On September 10, 2007, the American Arbitration Association added Richard Seymour to its roster of Commercial Arbitrators and its roster of Employment Panel arbitrators. As a result, he is now available to arbitrate cases under the AAA Commercial Rules and under its Employment Rules.
Here are some of the obvious questions and his perhaps less obvious answers:
Answer: I’ve been representing plaintiffs in individual cases and class actions, and have sometimes been aligned with employers defending affirmative action, for almost 38 years since I left the government. In that time, I’ve had some class cases that took more than 20 to 25 years to resolve. I’ve had some individual cases that took three or more years to resolve. I read a lot of appellate cases for the book I do for the American Bar Association, and have seen individual cases take ten or more years to resolve through appeals and remands to the trial court, and retrials and new appeals and new remands to the trial court, and on and on.
Many cases take less time to resolve, but still take a lot of time. The average case takes about a year to resolve in the Federal trial courts, but an appeal can add a year or two and a substantial number of appeals now result in new proceedings in the trial court.
That amount of time sounds bad in the abstract, but for some cases is even worse than it sounds. Delay eats away at the plaintiff in the dispute, and occupies the time of managers for far too long. If there are any lessons to be learned about doing things differently, the lessons are taught too late to avoid the same kinds of mistakes from happening during the years the lawsuit is alive.
Some disputes involve issues that should be resolved in public, with judges and juries. Some disputes need to be resolved in a way that sets a clear standard for everyone’s conduct, so those parties and many others can guide their conduct by the result.
For ordinary disputes that just need to get resolved, however, the speed of reaching a just outcome is very important.
Question: You’re on record as opposing mandatory arbitration required as a condition of employment or of purchasing a consumer product. How do you reconcile that with becoming an arbitrator?
Answer: The courts enforce such clauses, so it is important that there be balanced panels of arbitrators to resolve the disputes. In addition, I think the future of arbitration is best assured if all sides come to see it — for at least some types of cases — as faster and cheaper than litigation while being at least as just. I would like to help bring that about.
Question: But why you?
Answer: If close to four decades at the bar have taught me anything, it is how to get to the essential parts of a case fairly quickly. If my activities with the American Bar Association, my co-authorship with defense lawyers, my occasional service as a mediator, and my shaping complex consent decrees with opposing counsel have taught me anything, it is how to understand the perspectives of both sides, and how to see both sides of an argument.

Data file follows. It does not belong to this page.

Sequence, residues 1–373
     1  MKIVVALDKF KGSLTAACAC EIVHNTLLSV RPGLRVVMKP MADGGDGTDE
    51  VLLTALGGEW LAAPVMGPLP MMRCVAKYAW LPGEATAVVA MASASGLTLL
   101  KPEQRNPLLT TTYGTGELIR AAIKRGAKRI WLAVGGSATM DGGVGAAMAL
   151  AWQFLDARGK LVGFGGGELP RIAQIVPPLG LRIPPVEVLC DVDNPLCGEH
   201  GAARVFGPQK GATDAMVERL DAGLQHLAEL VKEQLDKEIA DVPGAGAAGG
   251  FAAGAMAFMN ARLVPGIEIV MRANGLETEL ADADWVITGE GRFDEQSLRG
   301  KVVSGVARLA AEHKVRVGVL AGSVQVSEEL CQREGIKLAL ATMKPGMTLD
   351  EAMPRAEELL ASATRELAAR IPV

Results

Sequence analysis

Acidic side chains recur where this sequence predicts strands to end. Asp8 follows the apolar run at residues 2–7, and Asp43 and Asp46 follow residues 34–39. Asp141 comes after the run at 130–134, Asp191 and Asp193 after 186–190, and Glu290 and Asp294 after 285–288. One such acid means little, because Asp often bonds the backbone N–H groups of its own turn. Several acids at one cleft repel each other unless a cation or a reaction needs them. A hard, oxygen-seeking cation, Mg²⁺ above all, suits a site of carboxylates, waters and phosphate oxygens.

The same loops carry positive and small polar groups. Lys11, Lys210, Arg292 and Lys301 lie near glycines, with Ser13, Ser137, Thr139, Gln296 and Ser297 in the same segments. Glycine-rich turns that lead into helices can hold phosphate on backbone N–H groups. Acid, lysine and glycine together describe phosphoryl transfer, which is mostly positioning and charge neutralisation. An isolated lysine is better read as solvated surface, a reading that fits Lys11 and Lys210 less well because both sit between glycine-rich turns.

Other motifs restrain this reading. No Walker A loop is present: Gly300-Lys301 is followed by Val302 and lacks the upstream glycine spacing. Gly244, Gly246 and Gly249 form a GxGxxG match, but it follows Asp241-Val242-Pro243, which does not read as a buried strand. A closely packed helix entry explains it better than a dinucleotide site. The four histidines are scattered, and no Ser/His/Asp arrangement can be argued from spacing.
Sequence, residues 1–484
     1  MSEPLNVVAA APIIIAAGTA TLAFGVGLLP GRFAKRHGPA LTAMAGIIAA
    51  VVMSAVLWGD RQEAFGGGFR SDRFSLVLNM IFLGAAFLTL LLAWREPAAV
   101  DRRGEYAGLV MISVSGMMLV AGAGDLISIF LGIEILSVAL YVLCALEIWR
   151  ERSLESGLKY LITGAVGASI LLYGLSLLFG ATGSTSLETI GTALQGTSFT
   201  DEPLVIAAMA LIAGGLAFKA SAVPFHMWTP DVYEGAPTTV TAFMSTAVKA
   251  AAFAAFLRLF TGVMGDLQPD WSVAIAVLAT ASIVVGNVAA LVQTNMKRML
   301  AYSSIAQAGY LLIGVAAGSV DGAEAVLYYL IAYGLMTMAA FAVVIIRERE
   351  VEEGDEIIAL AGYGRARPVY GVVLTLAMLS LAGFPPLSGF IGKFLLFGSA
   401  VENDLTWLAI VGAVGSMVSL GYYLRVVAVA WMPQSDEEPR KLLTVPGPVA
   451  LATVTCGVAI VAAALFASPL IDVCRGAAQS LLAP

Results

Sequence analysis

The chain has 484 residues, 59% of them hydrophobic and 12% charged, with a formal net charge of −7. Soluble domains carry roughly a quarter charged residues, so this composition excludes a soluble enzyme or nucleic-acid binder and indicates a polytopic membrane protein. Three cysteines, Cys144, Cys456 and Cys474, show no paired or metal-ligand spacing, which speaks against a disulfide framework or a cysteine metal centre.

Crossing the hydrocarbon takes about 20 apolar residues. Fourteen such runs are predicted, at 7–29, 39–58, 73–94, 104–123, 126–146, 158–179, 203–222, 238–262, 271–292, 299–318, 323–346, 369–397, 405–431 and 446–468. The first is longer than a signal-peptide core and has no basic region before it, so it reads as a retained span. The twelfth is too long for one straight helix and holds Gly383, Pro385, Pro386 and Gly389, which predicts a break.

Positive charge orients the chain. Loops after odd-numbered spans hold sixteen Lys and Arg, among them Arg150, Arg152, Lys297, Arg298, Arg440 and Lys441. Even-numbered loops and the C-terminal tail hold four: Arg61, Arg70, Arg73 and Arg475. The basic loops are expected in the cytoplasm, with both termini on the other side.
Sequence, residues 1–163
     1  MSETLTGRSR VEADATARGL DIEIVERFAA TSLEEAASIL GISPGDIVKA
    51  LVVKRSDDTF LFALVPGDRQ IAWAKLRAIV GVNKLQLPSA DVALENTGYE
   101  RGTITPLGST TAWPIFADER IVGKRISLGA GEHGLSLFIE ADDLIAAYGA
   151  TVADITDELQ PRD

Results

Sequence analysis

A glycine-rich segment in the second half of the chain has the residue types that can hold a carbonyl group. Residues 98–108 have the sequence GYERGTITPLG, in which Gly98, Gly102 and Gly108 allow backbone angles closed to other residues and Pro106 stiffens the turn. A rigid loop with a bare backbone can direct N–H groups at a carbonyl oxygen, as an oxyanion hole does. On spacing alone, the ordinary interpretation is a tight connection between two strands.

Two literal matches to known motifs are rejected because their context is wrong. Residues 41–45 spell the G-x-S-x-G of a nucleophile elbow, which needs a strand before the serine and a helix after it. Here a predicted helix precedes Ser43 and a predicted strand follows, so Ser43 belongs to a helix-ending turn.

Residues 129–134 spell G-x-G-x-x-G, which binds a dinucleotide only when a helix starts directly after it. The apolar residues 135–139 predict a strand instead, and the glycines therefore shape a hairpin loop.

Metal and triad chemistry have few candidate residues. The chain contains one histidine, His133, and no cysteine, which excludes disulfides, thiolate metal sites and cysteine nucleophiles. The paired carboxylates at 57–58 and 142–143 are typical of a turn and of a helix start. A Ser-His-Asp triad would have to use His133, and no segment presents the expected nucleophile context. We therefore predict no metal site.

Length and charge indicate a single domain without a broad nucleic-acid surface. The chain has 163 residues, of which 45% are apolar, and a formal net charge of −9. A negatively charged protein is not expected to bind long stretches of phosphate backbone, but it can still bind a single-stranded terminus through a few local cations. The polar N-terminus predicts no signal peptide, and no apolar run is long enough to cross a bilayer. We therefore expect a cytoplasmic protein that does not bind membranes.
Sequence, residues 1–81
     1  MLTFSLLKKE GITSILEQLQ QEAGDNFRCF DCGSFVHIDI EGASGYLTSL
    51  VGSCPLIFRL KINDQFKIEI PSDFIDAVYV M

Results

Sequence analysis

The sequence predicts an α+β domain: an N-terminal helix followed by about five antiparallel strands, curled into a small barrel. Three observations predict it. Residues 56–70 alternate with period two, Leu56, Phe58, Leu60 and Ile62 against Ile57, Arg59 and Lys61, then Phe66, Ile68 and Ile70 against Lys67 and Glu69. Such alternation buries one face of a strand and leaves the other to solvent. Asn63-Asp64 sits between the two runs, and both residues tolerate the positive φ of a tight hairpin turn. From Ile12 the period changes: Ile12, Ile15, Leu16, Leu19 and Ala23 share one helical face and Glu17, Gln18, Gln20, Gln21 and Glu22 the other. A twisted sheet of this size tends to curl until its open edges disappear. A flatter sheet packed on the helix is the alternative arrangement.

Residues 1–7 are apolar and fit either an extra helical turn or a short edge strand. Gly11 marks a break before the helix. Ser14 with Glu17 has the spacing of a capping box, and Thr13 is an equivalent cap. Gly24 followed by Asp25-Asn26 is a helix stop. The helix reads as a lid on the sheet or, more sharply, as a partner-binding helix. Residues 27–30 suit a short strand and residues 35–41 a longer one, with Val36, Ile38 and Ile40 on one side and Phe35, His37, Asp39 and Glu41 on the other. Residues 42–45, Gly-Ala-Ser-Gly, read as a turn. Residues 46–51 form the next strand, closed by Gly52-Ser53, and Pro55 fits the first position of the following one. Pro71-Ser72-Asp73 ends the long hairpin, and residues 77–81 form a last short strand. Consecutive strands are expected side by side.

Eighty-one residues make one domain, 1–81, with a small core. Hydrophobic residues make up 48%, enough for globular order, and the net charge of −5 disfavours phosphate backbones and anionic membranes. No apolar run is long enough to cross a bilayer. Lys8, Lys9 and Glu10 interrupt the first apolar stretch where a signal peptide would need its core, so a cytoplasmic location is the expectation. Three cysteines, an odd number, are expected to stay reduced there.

In addition, I think the experience will be enjoyable.
Question: Enjoyable for whom?
Answer: The goal would be to make it as enjoyable as possible for all the participants, given that there is a real dispute that has to be resolved. Attorneys will immediately recognize what I’m saying. Some judges have great judicial demeanor, and leave everyone who has appeared before them — parties, witnesses, and counsel — feeling valued and listened to, and feeling that their side received a “fair shake.” The sting of a loss is much less when administered by that kind of person. I know some arbitrators who I think do the same, and that’s the model I want to follow.
Question: Why the American Arbitration Association in particular?
Answer: Two reasons. First, I really want there to be a buffer between me and any counsel or party to an arbitration. The AAA case managers provide that buffer for communications and financial matters.
Second, last February I went through the Commercial Arbitrator training offered by the American Bar Association’s Section of Dispute Resolution. We spent three days largely going through the American Bar Association’s Commercial Rules, with some time on the Employment Rules. I was impressed by their usefulness.
Before going through that training, I had been thinking of a number of arbitration providers. After the training and further research, I thought the AAA would be the best match.
Question: Are you available to arbitrate anywhere?
Answer: Yes. If the parties want me in particular and jointly request me, I am willing to travel.
Question: Minnesota in December? Alaska in January? Texas in August?
Answer: Yes (gulp).
Question: Are you going to continue to represent employees and executives?
Answer: Certainly. That part of my practice is much too enjoyable to think of leaving it. In addition, I think that continuing to practice will help keep me current.
Question: Do you have a short resume?
Answer: See below. More information can be found on my web site:
Question: How does one contact the AAA?
Answer: The web site of the American Arbitration Association is
. The site contains a lot of information, including contact information.
RESUME OF RICHARD SEYMOUR
LAW OFFICE OF RICHARD T. SEYMOUR, P.L.L.C.
1150 Connecticut Avenue N.W., Suite 900
Washington, D.C. 20036-4129
E-Mail: [email protected]
Voice: 202-862-4320 Fax: 800-805-1065 Cell: 202-549-1454
Curriculum Vitae of Richard T. Seymour
A.B., Aquinas College, 1965
J.D., Harvard University, 1968
Metropolitan Washington Employment Lawyers Association, Lawyer of the Year 2007
Lawyers’ Committee for Civil Rights Under Law, Edwin Wolf Award
NAACP Legal Defense and Educational Fund
Houston Chapter, Int’l Association of Black Professional Firefighters
Lawyers’ Committee for Civil Rights Under Law, Board of Directors, 2006-present; former member, Board of Trustees
College of Labor and Employment Lawyers, Board of Governors, 1996-2002; Fellow
American Bar Association, Section of Labor and Employment Law (former member of governing Council; currently elected Liaison to ABA for Governance) [Note: I was elected Vice-Chair from 2008 to 2010, and in August 2010 I was elected Chair-Elect.]